This is part two of a four-part series on aligning your personal finances with your values. Click here for part one.
Last week we talked about the first step in aligning your personal finances with your values, which was identifying your life values in the first place. If you don’t know what you want to accomplish, you won’t be able to make your money work for you.
Talking priorities is great. “Yes, of course I want 10% of my income to go to supporting my favorite charities! And I want to use all my discretionary income to pay down my student loans!” But when it comes down to standing in the line at Starbucks, are you remembering your priorities or are you using $5 of your discretionary income to buy that delicious salted caramel latte? (Mmmmm…. Salted caramel latte.)
How do you figure out if your actual spending is in line with your lofty goals? Last week, I talked about how relationships with food and money have similar traits, and this is another way in which they are similar. How do you know why you keep gaining weight? You track your food intake. How do you know where your money goes? You track it.
I’m not going to tell you the right way to track your money. Everyone does things differently, and just like with food, what works for me might not work for you. You can track your money by keeping a notebook in your back pocket and writing everything down; you can use the functionality provided by your bank or credit union (many of them have websites or apps that allow you to budget and track expenditures); you can use a third-party website such as Mint.com. What I am telling you to do is to take one week and track every penny that leaves your presence.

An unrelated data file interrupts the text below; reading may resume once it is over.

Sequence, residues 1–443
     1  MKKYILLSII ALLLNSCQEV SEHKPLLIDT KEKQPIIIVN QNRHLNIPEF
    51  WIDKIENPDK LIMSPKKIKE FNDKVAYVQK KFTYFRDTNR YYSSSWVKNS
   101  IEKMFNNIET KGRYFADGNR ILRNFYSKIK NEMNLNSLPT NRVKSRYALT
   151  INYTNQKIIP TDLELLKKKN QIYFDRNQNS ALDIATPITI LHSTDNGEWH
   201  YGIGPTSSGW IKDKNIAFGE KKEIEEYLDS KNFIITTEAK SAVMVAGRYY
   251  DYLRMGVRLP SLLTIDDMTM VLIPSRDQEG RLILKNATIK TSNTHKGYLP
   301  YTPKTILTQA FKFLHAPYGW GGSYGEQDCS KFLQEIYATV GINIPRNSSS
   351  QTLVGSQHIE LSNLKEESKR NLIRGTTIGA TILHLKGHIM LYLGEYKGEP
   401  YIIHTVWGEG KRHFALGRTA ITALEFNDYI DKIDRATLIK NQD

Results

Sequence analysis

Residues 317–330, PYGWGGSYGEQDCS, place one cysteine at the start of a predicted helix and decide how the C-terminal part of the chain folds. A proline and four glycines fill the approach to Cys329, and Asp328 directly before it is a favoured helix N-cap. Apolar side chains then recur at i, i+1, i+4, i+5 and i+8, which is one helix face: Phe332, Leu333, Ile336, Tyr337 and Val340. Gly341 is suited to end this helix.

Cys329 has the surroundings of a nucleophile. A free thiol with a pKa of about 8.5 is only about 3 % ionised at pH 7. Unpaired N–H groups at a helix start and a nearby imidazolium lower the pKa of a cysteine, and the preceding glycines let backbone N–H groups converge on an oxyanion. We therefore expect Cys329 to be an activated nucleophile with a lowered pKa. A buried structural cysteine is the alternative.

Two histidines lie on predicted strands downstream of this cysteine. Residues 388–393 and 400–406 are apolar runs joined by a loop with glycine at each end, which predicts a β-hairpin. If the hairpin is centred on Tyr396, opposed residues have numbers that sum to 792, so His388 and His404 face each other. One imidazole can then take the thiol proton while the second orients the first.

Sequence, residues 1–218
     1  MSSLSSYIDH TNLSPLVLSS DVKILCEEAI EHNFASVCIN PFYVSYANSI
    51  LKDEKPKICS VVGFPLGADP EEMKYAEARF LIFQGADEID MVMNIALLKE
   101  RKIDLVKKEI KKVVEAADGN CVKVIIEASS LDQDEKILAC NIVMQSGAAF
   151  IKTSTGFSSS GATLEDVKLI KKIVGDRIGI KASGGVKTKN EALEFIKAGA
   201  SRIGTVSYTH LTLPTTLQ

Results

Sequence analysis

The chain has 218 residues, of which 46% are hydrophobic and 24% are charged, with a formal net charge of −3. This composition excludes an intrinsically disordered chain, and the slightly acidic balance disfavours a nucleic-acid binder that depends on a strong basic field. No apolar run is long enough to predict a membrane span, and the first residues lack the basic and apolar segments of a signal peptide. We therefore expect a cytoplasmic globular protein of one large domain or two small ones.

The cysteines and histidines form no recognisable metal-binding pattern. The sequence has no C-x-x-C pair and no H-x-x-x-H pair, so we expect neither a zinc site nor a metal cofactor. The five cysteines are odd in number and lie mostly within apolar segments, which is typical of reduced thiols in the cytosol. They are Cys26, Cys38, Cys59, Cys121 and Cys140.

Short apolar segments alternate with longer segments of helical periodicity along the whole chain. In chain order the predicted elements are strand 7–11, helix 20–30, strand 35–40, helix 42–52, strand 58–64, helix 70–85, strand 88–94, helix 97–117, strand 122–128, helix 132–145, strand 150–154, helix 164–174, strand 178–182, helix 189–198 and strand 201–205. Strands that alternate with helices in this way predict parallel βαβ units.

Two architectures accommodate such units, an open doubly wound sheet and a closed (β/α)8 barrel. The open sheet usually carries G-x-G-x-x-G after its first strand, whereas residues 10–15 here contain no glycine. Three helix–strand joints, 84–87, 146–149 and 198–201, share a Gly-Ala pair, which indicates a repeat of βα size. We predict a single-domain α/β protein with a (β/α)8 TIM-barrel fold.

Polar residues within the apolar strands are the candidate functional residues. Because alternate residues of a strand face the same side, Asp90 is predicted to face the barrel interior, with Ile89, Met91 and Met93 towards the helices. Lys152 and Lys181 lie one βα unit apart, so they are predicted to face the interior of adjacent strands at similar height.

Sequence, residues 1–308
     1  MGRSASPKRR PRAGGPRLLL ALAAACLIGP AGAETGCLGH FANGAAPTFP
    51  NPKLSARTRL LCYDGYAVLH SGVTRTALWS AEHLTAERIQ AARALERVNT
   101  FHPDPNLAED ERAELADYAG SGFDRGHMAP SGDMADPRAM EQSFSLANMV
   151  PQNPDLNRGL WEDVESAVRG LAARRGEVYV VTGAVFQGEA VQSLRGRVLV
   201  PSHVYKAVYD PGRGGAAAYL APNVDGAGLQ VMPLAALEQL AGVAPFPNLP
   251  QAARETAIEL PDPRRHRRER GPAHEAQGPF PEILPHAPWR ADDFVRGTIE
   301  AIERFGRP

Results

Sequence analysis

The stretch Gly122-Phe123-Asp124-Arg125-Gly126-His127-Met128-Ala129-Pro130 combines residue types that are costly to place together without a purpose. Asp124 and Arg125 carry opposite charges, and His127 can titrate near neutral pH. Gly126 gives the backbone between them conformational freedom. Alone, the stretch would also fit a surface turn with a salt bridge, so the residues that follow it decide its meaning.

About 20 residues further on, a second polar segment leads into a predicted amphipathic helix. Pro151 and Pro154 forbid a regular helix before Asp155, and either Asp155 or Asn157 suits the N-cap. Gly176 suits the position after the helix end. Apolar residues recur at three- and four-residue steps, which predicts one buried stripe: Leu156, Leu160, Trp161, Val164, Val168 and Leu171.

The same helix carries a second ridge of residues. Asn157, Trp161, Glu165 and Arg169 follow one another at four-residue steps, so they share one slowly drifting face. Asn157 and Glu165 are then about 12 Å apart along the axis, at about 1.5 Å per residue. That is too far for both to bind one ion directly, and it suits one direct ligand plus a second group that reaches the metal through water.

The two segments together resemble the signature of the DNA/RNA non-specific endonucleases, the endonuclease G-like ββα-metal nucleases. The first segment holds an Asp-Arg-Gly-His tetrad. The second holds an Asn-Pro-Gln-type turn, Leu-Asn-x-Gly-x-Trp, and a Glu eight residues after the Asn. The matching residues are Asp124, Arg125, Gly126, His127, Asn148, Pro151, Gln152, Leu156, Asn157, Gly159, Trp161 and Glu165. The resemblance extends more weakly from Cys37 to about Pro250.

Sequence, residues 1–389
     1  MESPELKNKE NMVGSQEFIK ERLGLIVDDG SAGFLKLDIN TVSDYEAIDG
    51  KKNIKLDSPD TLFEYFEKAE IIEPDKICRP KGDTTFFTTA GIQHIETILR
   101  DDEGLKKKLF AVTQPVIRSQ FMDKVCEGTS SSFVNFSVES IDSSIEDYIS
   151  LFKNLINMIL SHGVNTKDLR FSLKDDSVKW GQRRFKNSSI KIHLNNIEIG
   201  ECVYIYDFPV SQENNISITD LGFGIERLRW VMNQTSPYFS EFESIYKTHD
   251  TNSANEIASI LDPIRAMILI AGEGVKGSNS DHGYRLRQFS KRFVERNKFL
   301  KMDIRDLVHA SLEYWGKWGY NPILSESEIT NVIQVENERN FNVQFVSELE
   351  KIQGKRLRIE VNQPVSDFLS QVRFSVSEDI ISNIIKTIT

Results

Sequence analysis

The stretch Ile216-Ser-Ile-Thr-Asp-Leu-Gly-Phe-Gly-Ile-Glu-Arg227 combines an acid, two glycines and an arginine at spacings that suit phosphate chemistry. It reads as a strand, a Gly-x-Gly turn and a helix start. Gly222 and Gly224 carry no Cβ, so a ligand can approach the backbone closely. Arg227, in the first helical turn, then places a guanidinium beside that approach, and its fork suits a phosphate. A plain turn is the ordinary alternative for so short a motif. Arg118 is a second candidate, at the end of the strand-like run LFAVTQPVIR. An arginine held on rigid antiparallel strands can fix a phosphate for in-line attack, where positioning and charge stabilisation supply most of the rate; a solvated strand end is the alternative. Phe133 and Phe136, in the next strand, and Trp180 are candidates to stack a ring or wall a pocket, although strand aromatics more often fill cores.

Start today. Start right now. Don’t put this off, or you’ll never do it. Why? Because it’s not fun (and in some cases, it may be unpleasant) and it’s not “sexy”. But it is the most important part of this process.
Here are a few tips to make this more meaningful:
- If you’re anything like me, you never carry cash. This makes it fairly easy to track expenditures because you can easily see everything you spend via your bank’s online activity. But if you DO have cash, don’t forget to track what you do with it. It’s easy to forget that money if you have only a few dollars in your wallet.
- Also, realize that your $100 receipt from Target might include multiple types of spending. $90 of it might be actual household supplies, but then you have that Time magazine or Frappuccino that you picked up while you were waiting in line to check out. I’m not asking you to get really specific with your categories (at least not yet), but knowing that not all of that bill related to actual needs can be helpful.
- If this is not an average week, that’s okay. The information you glean from the process can still be valuable. But if it’s a REALLY out of the ordinary week (like, you’re in South America for a once-in-a-lifetime trip — in which case, why are you reading this?), you might want to plan another week.
Do this process for seven full days. Keep the results. Don’t feel bad about them! Look at this as a learning opportunity. Bring them back and we’ll talk about what to do with them next week.